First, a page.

Will the Stock Market Climb or Drop 10%? Here’s One Trade to Handle Both Scenarios.


Derek Jeter finally made it to Cooperstown this past week after his induction into the Baseball Hall of Fame was delayed a year by the Covid-19 pandemic. And while Yankee haters may quibble about some of the former captain’s statistics or shortcomings at shortstop, he stands in contrast to some of his prominent contemporaries who have been shut out of the Hall for suspected or admitted steroid use, most notably home run record holder Barry Bonds.

Also blackballed from Cooperstown is baseball’s all-time hit leader, Pete Rose. Charlie Hustle was banned from baseball in 1989 for gambling on the game while playing for and managing the Cincinnati Reds. That’s kept his name off Hall of Fame ballots. Rose claimed he only bet on the Reds to win. But baseball officials have argued that, if he’d ever failed to wager on a game, his bookies might have inferred that he knew something; maybe his starting pitcher was nursing a twinge in his elbow or a hangover, or both.

In this age of legalized gambling, down to having betting windows at Wrigley Field, however, Rose’s ban looks ridiculous, wrote Chicago Sun Times columnist Steve Greenberg this year. Assuming everybody in the stands and people betting on their phones from home have access to the same information, they can lose their money fair and square.

Compare that to the actions permitted for Federal Reserve Bank presidents. This past week, The Wall Street Journal reported that Dallas Fed President Robert Kaplan actively traded stocks last year. And Bloomberg disclosed much the same about Boston Fed President Eric Rosengren, whose favored investments included real estate investment trusts, a highly interest-rate-sensitive sector.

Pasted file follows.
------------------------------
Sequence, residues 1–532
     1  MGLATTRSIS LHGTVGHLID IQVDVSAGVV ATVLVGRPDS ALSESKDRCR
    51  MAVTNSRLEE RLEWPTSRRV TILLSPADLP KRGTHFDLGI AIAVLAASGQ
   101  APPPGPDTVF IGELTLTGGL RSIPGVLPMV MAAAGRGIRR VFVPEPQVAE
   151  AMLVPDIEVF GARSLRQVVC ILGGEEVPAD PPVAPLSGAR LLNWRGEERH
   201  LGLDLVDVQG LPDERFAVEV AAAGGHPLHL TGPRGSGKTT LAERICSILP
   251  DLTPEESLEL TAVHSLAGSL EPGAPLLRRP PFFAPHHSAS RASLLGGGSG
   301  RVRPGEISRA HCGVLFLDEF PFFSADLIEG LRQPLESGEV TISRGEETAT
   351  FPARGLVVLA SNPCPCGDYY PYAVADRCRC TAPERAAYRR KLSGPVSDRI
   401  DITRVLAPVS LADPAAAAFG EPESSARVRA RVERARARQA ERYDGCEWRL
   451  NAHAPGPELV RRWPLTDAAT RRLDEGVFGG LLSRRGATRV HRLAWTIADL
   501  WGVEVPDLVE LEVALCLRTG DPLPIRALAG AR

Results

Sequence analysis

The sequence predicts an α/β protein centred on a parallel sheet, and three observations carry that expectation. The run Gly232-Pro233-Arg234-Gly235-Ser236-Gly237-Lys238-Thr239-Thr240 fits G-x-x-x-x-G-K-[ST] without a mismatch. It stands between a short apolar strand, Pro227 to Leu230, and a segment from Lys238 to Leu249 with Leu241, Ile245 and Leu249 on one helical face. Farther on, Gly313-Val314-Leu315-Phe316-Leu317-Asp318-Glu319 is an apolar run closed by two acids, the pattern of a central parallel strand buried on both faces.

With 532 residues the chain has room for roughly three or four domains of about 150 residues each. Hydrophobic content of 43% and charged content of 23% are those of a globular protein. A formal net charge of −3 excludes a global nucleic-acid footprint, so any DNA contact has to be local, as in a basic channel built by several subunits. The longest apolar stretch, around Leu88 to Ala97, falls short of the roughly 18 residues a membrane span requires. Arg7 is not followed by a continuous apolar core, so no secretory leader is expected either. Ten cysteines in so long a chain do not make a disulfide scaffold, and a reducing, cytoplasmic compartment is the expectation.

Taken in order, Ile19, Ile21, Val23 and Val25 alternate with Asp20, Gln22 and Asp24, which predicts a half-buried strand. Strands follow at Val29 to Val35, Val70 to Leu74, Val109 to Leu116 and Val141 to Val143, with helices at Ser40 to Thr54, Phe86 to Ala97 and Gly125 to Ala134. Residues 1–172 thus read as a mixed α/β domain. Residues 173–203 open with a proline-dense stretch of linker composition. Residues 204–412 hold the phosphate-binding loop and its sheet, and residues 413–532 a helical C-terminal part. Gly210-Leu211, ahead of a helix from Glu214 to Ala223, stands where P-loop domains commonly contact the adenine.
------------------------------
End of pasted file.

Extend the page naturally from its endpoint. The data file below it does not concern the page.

Both said they had complied with their respective bank’s code of conduct. But Thursday, Kaplan and Rosengren said they would sell the individual stocks they own and cease trading individual securities to avoid any appearance of a conflict of interest, the Journal reported. Instead, they said they would invest the proceeds in diversified index funds or cash.

Kaplan, a former Goldman Sachs banker, had multimillion-dollar positions in big blue chips, the likes of which would dominate a large, capitalization-weighted index fund. Rosengren, a less active investor, owned shares of a mortgage REIT, which essentially is a leveraged bet on interest rates.

Not only does the Fed set the overnight federal-funds rate, which influences the cost of mREITs’ liabilities, but the central bank also has been buying $40 billion a month of agency mortgage-backed securities, along with $80 billion of Treasury securities. Those purchases importantly affect the yield and price of the assets in the portfolios of the mREITs that Rosengren owned. It should be noted that the Boston Fed president has been among the central bank officials recently urging a reduction of the Fed’s massive securities purchases, which could potentially hurt mREITs.